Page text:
36 November 2015 | The Goods | KAM.US.COM

valuable time, following every dead end until we give up or worse, our competitors beat us to the punch. I think that any of us in business today would agree there are always mysteries to solve and opportunities to uncover and take advantage of. There are also countless things that require our attention in our daily working lives. What is in very short supply is time. This is where the use of an outside research expert can be a valuable resource to you. If you have a specific opportunity you want to pursue or mystery to solve, utilizing an outside resource such as Advantage Kentucky Alliance (AKA) will deliver documented and validated results, while saving you valuable time and resources. Here are some examples of Research Services offered by the AKA to fulfill a specific need or opportunity you may have: • “Tech Scouting” - This is when you know what you what to achieve or what new product or service you want to offer but there is a critical piece missing that will make it all work. Often this may be a technology, a patent, a process, expertise, or a combination of all of these. • “Technology Driven Market Intelligence” - This is the flip side of Tech Scouting. This is for when you have technology, patent, or process but you need to find a market or company that needs your technology to buy or license to make their puzzle complete. • “Voice of the Customer” - This is when you are in need of insights of what your customers really need, and are willing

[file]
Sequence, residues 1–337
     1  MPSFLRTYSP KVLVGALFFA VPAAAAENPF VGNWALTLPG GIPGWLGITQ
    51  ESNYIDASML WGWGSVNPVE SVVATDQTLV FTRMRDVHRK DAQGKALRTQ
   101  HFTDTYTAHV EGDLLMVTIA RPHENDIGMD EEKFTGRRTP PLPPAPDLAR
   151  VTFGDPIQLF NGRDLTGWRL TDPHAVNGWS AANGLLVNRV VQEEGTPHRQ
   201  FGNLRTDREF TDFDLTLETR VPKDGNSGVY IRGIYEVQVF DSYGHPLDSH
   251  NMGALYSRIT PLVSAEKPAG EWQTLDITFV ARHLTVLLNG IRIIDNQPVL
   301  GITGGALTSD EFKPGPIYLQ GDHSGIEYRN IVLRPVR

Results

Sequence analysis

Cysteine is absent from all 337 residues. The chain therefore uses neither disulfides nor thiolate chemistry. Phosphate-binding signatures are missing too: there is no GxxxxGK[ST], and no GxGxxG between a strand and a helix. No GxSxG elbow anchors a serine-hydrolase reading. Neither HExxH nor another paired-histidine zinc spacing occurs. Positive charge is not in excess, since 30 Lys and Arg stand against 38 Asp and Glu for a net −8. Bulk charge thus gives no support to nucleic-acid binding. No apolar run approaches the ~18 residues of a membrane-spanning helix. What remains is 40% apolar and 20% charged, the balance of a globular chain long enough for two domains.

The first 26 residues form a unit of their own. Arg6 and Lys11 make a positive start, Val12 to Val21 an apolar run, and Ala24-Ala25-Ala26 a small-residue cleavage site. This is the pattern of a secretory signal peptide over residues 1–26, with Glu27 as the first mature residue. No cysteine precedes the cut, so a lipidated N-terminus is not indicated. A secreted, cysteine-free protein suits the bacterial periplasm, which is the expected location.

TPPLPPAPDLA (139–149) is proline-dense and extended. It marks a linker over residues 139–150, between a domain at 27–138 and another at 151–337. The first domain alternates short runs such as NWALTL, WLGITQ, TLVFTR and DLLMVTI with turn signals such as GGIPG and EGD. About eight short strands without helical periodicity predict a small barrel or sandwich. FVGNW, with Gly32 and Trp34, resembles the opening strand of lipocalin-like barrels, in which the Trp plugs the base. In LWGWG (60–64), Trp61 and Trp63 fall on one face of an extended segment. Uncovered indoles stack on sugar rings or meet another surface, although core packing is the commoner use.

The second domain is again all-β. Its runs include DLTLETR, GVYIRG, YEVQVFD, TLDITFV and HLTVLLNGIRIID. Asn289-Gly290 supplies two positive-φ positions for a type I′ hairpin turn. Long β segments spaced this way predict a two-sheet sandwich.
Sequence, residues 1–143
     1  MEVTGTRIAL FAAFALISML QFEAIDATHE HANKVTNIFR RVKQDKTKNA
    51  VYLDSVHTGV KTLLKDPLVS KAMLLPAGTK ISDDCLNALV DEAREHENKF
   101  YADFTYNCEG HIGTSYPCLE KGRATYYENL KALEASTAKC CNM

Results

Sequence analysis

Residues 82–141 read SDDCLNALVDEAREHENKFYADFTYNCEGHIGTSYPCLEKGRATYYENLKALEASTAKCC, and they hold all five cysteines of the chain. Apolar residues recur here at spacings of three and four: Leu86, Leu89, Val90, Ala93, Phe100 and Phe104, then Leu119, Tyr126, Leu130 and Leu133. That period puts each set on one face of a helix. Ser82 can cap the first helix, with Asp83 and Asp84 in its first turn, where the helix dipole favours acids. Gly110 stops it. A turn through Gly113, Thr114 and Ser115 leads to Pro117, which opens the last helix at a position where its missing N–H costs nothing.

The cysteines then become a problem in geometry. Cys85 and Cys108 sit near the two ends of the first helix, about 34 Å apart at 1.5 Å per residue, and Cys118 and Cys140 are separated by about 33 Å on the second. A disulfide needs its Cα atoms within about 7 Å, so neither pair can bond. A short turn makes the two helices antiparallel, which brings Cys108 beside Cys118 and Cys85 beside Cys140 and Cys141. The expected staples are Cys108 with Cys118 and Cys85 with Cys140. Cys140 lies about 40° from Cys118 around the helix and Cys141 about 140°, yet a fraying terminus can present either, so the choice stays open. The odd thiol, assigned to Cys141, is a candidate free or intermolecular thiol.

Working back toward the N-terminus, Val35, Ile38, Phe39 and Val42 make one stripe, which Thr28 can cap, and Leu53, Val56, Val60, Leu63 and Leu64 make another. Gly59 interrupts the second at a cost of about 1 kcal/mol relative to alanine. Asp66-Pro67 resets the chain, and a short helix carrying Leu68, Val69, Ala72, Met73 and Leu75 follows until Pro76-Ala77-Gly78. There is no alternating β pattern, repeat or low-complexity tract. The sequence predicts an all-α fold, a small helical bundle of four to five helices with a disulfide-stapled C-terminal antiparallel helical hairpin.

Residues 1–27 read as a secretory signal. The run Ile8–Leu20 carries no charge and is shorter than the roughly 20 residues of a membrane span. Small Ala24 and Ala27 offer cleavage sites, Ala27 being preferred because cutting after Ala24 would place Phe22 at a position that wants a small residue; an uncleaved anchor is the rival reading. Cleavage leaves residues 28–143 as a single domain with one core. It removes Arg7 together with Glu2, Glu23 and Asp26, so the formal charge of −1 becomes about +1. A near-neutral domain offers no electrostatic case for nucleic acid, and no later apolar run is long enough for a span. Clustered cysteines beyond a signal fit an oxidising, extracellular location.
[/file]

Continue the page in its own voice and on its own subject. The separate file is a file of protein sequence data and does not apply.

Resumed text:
DEPARTMENT | MEP

to pay for. It is not enough to simply ask them as oftentimes they do not know themselves or are not able to conceptualize and communicate what they desire. Through methods of observing and documenting behaviors, reactions, and trends as well as primary and secondary customer interviews, these valuable insights can be found. • “Focus Groups” - This is when you have a product or service but you want to be certain how it will be received by your target audience before you invest any more valuable time or resources. Focus Groups are best utilized when a new offering is just in the conceptual stage. This is when we can incorporate valuable feedback from the customers to whom you wish to sell and modify and improve our new offering while it is still easy and inexpensive to do. • “Supplier Scouting” - This is when you are in need of a supplier but have not found one or you have one but would like to find others who may better fit your supply chain needs. The fact is, if all of the answers were easy to find and you had no other matters to deal with and time was not an issue, you would simply do this yourselves. The research